Less than a week ago, after standing near mid-court chatting with some friends from Houston while the Rockets took part in a Special Olympics clinic, Yao Ming bent down to pick up a ball that had rolled toward him, straightened up and let fly with a 3-pointer.
It missed badly, coming nowhere close to the rim or even the backboard inside the Taipei Arena.
“You didn’t see that, did you?” Yao asked, chuckling. “I guess that’s the end of the comeback.”
At 33, Yao’s playing days are at least two seasons into the rear view mirror, the result of so many broken bones in his feet. Yet he continues to have an impact on the game in his country.
Yao and NBA China announced a partnership to develop and operate the first-ever NBA Yao School in Beijing. Launching in February 2014, it will provide after-school basketball training and fitness programs for boys and girls up to age 16 at all skill levels. The school aims to teach the importance of teamwork, leadership and communication in a fun basketball environment.
“It has always been my dream to positively impact the lives of youth through sports participation,” Yao said. “Basketball fans in China are passionate and eager to participate in high-standard basketball training programs. I look forward to working with the NBA to establish the NBA Yao School as a trusted destination for basketball training.”
At 7-foot-6, even out of uniform, Yao, of course, stands out in any crowd. Which is why it strikes one as a natural gift the way that he handles the constant reaching, pawing, leaning up against him to take photos with a natural aplomb.
“I am never without this,” he says, motioning at the furor his presence creates in any room. “What is also always with me are my feelings for Houston. Not just the team. Not just the games or the basketball. But all of Houston, the friendships that I made.”
He has often told the story of how the first NBA game he ever watched on live TV was the Rockets vs. the Knicks in the 1994 NBA Finals. All of his Chinese teammates were pulling for the Knicks, so Yao went the other way and adopted the Rockets as his team. And eight years later, they made him the No. 1 pick in the draft.
“I believe it is fate,” Yao said. “I believe that something put me together with Houston and tied us together.”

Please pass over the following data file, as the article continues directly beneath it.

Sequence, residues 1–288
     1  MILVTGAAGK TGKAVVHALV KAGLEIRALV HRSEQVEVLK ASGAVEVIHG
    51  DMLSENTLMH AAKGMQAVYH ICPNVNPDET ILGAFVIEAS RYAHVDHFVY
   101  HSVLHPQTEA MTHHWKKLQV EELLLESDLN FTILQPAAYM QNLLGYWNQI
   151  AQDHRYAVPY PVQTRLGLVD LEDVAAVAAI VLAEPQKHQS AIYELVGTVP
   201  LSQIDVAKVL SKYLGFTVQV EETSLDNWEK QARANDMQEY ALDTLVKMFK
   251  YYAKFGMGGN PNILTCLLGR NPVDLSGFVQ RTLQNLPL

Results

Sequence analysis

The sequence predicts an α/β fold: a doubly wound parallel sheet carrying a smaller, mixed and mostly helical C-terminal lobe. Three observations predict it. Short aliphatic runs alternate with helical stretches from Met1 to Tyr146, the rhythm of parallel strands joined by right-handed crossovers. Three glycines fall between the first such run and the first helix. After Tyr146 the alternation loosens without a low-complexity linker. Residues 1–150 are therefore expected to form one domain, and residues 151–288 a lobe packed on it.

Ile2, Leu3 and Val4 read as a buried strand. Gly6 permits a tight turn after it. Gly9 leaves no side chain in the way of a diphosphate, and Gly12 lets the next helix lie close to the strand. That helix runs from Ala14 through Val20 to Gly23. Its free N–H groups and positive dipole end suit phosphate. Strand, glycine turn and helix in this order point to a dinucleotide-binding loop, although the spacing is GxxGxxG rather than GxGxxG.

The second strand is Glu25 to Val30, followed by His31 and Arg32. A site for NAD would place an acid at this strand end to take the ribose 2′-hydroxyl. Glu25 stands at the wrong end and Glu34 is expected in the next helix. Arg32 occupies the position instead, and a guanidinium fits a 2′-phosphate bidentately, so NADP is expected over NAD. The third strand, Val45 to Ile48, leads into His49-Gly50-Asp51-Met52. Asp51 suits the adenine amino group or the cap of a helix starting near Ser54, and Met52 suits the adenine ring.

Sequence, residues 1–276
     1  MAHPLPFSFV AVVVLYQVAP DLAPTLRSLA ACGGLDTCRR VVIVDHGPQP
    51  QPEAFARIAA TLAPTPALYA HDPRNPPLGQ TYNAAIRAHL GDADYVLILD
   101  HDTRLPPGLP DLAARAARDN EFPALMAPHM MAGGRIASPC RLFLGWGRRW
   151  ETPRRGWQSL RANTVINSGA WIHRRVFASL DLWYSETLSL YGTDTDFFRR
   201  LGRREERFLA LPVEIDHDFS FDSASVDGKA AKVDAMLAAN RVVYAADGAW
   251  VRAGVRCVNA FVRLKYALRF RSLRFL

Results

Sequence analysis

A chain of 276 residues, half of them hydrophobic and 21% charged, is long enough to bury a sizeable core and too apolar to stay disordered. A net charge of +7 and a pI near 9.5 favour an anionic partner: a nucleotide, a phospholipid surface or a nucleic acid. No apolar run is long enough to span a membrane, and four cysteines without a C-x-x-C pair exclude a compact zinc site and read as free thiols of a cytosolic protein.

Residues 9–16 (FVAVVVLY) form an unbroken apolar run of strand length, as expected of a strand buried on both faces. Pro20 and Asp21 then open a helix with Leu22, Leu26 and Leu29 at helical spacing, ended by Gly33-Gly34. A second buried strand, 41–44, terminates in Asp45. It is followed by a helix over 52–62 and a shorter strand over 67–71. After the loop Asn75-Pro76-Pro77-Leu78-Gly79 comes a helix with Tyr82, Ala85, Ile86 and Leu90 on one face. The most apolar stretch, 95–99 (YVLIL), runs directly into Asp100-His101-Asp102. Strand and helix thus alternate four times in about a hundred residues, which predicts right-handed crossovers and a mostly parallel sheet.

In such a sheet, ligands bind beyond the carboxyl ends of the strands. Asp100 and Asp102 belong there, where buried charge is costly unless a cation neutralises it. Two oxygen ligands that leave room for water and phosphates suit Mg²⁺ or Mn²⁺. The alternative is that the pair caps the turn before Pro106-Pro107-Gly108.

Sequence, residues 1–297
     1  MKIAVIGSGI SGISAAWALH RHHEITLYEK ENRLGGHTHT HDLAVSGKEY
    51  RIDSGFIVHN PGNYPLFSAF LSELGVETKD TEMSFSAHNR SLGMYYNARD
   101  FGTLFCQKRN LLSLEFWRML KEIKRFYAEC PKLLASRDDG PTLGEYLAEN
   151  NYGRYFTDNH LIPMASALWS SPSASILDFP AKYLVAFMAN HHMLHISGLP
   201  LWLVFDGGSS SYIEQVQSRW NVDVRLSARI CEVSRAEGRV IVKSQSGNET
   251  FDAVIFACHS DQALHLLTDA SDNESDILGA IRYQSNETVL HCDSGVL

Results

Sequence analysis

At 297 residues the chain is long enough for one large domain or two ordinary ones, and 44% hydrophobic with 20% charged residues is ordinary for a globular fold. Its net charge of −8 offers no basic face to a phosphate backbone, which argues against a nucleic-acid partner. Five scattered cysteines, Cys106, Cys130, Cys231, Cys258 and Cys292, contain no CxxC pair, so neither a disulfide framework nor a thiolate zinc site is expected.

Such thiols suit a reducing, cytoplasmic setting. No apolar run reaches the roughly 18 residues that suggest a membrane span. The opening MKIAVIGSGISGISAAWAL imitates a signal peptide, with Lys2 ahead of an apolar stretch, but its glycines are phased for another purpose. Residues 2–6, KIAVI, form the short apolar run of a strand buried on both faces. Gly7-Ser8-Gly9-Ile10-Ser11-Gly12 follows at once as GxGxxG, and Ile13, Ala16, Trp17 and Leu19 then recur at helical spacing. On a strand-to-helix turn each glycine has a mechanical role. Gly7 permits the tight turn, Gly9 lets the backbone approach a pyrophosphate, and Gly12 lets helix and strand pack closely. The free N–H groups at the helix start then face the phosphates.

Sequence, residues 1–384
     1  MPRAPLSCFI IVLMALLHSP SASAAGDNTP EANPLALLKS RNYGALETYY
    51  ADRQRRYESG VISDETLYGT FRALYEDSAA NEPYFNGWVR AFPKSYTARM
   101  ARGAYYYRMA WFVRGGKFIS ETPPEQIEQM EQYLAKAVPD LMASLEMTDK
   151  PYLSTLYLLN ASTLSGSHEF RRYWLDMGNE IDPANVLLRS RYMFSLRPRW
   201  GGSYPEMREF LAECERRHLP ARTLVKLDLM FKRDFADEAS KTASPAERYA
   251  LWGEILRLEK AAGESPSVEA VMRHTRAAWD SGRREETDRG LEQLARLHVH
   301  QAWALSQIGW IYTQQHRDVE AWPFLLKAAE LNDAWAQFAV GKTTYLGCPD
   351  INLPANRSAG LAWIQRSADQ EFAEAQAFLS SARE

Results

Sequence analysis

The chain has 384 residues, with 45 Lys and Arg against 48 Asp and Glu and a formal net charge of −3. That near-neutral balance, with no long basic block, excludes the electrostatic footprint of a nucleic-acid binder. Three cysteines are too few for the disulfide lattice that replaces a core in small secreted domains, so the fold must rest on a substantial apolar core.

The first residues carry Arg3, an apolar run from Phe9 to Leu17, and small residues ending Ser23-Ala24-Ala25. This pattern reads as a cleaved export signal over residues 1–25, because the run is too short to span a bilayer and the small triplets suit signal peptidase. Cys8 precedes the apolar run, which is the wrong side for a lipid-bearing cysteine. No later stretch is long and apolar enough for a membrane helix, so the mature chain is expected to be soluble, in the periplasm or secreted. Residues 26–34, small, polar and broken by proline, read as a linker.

The ties have him still referring to the Rockets as “we.” Those ties still reach to Jeremy Lin, the American-born guard of Taiwanese parents, who has dealt with a similar mania on both sides of the Pacific.
“I think it’s harder for Jeremy,” Yao said. “I really do. He understands all of the pressure that he is under. I did not. I just tried to keep everything with a small focus and played the game.”
Yao is now a businessman and student with many interests. He is two years into a five-year degree program in economics management, is owner of his old team the Shanghai Sharks in the Chinese Basketball Association, runs Yao Family wines and heads up his philanthropic endeavors.
While he admits that there are times when he wishes he could pull on his sneakers and try to help his Sharks as they struggle near the bottom of the CBA standings, what Yao sees now in the game that was both kind and cruel to him is a Rockets team that could achieve what always exceeded his grasp — an NBA championship.
“With Dwight Howard, with James Harden, those are great players,” Yao said. “What we have to hope for is that they will not have the same kind of bad luck and injuries as me and Tracy (McGrady).
“When Rudy (Tomjanovich) said after the Rockets won the (1995) championship, ‘never underestimate the heart of a champion,’ that represented an attitude. The talent we have is probably the best we have in the league. It will be about attitude.”